Scientists Look to Skies to Improve Tsunami
A team of scientists from Sapienza University in Rome, Italy, and NASA’s Jet Propulsion Laboratory in Pasadena, California, has developed a new approach to assist in the ongoing development of timely tsunami detection systems, based upon measurements of how tsunamis disturb a part of Earth’s atmosphere.
The new approach, called Variometric Approach for Real-time Ionosphere Observation, or VARION, uses observations from GPS and other global navigation satellite systems (GNSS) to detect, in real time, disturbances in Earth’s ionosphere associated with a tsunami. The ionosphere is the layer of Earth’s atmosphere located from about 50 to 621 miles (80 to 1,000 kilometers) above Earth’s surface. It is ionized by solar and cosmic radiation and is best known for the aurora borealis (northern lights) and aurora australis (southern lights).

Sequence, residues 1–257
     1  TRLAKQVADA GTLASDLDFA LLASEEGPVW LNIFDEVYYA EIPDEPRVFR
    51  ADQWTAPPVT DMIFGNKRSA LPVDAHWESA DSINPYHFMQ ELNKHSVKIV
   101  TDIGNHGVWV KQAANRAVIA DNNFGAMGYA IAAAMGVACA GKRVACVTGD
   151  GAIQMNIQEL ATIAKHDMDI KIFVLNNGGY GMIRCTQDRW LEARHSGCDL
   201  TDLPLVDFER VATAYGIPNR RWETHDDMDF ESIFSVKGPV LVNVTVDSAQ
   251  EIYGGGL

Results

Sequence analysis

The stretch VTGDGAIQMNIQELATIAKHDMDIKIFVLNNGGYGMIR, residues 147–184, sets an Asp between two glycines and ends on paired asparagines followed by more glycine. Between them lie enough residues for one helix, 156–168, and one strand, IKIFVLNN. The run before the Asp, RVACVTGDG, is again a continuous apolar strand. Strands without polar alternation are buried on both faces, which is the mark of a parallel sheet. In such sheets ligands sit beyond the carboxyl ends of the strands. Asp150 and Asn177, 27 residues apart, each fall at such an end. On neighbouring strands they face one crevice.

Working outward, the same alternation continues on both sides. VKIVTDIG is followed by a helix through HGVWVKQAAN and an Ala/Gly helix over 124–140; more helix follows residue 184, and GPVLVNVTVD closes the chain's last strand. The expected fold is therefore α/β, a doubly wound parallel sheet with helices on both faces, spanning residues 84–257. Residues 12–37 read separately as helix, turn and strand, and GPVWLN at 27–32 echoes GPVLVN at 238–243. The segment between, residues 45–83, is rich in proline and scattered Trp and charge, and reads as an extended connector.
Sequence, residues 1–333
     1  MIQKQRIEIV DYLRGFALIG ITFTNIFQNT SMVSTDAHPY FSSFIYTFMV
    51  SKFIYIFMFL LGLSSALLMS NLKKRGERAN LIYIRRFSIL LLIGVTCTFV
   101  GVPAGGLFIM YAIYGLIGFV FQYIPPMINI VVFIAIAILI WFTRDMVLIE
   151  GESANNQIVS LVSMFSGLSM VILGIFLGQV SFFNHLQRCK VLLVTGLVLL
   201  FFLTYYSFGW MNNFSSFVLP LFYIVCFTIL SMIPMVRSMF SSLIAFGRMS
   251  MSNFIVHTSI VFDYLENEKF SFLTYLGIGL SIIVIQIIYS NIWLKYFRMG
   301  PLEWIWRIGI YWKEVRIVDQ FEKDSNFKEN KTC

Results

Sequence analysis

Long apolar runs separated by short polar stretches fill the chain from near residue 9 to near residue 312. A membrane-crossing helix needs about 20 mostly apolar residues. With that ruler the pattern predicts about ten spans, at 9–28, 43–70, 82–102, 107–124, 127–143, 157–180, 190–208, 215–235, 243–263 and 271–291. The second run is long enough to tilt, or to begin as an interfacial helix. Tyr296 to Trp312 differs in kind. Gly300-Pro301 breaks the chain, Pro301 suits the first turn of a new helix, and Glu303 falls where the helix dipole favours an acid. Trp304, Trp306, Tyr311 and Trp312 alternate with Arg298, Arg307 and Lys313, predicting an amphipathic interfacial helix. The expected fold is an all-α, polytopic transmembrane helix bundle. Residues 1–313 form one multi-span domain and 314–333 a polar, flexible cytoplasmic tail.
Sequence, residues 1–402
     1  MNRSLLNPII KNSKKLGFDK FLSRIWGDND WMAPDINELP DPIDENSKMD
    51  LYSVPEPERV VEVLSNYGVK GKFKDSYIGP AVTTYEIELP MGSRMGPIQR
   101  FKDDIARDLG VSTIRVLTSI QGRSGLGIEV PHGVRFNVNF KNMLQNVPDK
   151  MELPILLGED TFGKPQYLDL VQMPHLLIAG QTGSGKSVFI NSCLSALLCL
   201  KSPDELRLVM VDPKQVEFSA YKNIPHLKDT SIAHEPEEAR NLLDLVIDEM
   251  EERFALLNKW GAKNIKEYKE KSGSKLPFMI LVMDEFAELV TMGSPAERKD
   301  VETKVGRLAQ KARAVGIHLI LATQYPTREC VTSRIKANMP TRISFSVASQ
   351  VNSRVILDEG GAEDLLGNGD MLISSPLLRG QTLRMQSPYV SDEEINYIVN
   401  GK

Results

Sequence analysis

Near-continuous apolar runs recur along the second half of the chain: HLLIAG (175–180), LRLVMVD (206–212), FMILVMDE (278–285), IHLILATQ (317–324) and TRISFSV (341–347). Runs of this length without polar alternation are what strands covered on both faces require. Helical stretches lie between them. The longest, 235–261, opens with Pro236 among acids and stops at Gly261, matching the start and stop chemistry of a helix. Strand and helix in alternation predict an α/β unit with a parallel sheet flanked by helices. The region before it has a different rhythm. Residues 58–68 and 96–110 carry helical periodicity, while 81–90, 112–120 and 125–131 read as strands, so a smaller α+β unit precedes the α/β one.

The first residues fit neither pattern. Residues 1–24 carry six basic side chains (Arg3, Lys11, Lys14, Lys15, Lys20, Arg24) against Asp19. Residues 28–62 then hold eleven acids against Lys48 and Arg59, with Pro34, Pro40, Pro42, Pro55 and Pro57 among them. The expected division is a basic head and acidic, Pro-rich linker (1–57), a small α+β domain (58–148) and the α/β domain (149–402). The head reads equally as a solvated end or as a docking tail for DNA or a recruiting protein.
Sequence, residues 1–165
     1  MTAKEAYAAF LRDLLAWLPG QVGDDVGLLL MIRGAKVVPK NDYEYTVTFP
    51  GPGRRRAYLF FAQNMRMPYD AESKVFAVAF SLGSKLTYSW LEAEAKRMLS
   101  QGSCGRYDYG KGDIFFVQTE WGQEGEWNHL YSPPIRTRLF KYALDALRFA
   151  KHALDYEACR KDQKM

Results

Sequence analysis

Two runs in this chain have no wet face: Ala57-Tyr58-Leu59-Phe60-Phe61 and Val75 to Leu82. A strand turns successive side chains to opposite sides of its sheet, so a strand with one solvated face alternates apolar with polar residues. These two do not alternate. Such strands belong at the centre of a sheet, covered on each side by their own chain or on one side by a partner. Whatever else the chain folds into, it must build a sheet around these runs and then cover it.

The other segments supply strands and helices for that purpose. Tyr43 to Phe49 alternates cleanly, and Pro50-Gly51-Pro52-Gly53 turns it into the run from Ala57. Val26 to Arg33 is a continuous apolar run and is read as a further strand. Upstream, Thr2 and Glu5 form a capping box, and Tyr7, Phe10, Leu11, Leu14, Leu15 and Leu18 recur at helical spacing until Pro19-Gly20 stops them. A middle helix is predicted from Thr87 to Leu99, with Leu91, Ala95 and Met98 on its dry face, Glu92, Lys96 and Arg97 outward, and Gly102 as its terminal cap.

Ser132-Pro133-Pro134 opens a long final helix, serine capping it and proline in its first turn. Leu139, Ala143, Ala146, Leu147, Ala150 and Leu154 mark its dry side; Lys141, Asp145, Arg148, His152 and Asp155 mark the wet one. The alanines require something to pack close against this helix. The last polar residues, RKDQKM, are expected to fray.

When a tsunami forms and moves across the ocean, the crests and troughs of its waves compress and extend the air above them, creating motions in the atmosphere known as internal gravity waves. The undulations of internal gravity waves are amplified as they travel upward into an atmosphere that becomes thinner with altitude. When the waves reach an altitude of between 186 to 217 miles (300 to 350 kilometers), they cause detectable changes to the density of electrons in the ionosphere. These changes can be measured when GNSS signals, such as those of GPS, travel through these tsunami-induced disturbances.